In China, there are over 300 recorded cultivars of ''mei'', which can be broadly divided by colour into white, pink, red, purple, and light green types. Some varieties are especially famed for their ornamental value, including the ''Dahong mei'' , ''Taige mei'' , ''Zhaoshui mei'' , ''Lü'e mei'' , ''Longyou mei'' .

As the ''mei'' can usually grow for a long time, ancient ''mei'' trees are found throughout China. in Hubei features a 1600-year-old ''mei'' tree from the which is still flowering.


In Japan, ume cultivars are classified into ''yabai'' types, ''hibai'' types, and ''bungo'' type. The ''bungo'' trees are also grown for fruit and supposed to be hybrids between ume and apricot. The ''hibai'' trees have red and most of them have red flowers. The ''yabai'' trees are also used as grafting stock.


Culinary use


''Ume'' juice is extracted by preserving the fruits in sugar. In China, sour plum juice is made from ''ume'' . It ranges from light pinkish orange to purplish black in color and often has a smoky and slightly salty taste. It is traditionally flavoured with sweet osmanthus flowers, and is enjoyed chilled, usually in summer. The juice produced in Japan and Korea, made from green ''ume'', tastes sweet and tangy, and is considered a refreshing drink, also often enjoyed in the summer. In Korea, ''maesil'' juice, which is marketed as a healthful tonic, is enjoying increasing popularity. It is commercially available in glass jars in sweetened, concentrated syrup form; it is reconstituted by stirring a small amount of syrup into a glass of water. The syrup may also be prepared at home by storing one part fresh ''maesil'' in a container with one part sugar .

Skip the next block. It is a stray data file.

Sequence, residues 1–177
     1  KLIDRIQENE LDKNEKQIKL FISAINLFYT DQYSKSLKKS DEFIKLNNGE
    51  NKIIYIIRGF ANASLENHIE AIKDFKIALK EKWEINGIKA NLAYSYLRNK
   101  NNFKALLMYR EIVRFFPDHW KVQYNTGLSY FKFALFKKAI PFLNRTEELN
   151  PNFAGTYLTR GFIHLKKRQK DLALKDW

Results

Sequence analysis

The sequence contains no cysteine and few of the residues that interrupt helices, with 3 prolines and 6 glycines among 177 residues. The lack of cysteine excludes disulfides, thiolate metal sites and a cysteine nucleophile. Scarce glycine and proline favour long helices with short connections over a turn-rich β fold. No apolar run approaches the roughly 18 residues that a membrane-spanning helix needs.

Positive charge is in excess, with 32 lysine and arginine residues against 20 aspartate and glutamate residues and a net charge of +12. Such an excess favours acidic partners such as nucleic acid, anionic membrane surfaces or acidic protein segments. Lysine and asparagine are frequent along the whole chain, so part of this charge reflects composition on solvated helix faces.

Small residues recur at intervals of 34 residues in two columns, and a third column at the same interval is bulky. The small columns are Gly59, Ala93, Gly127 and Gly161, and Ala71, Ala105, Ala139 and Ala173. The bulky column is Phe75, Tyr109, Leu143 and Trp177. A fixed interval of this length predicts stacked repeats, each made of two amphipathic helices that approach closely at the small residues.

''Ume'' liquor, also known as "plum wine", is popular in both Japan and Korea, and is also produced in China. ''Umeshu'' is a Japanese alcoholic drink made by steeping green ''ume'' in ''shōchū'' . It is sweet and smooth. The taste and aroma of ''umeshu'' can appeal to even those people who normally dislike alcohol. A similar liquor in Korea, called ''maesil ju'' , is marketed under various brand names including Mae Hwa Su, Mae Chui Soon, and Seol Joong Mae. Both the Japanese and Korean varieties of ''ume'' liquor are available with whole ''ume'' fruits contained in the bottle.